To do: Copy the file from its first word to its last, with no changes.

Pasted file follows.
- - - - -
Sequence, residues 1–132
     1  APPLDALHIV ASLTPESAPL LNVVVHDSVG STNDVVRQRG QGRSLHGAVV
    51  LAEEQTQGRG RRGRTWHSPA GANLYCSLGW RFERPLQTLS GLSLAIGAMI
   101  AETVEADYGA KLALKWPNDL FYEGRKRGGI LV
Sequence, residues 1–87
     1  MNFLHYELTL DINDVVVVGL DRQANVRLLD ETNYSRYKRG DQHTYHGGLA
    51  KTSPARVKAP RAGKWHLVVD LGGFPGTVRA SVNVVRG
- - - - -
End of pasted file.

Sequence, residues 1–132
     1  APPLDALHIV ASLTPESAPL LNVVVHDSVG STNDVVRQRG QGRSLHGAVV
    51  LAEEQTQGRG RRGRTWHSPA GANLYCSLGW RFERPLQTLS GLSLAIGAMI
   101  AETVEADYGA KLALKWPNDL FYEGRKRGGI LV
Sequence, residues 1–87
     1  MNFLHYELTL DINDVVVVGL DRQANVRLLD ETNYSRYKRG DQHTYHGGLA
    51  KTSPARVKAP RAGKWHLVVD LGGFPGTVRA SVNVVRG